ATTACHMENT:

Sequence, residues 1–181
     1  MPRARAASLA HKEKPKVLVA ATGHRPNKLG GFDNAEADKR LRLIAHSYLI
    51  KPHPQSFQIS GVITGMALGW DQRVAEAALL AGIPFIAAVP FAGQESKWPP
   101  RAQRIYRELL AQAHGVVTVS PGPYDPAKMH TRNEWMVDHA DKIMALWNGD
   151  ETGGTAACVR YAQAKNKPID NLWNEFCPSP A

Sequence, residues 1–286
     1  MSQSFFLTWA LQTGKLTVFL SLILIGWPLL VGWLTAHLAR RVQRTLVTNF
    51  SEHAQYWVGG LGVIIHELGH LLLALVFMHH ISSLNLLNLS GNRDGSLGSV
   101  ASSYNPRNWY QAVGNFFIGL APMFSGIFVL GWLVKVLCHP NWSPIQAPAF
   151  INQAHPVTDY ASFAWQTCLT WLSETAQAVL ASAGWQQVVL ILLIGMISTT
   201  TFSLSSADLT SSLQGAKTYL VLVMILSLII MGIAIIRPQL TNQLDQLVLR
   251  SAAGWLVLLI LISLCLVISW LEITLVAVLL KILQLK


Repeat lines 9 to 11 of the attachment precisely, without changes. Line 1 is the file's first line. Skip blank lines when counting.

   101  ASSYNPRNWY QAVGNFFIGL APMFSGIFVL GWLVKVLCHP NWSPIQAPAF
   151  INQAHPVTDY ASFAWQTCLT WLSETAQAVL ASAGWQQVVL ILLIGMISTT
   201  TFSLSSADLT SSLQGAKTYL VLVMILSLII MGIAIIRPQL TNQLDQLVLR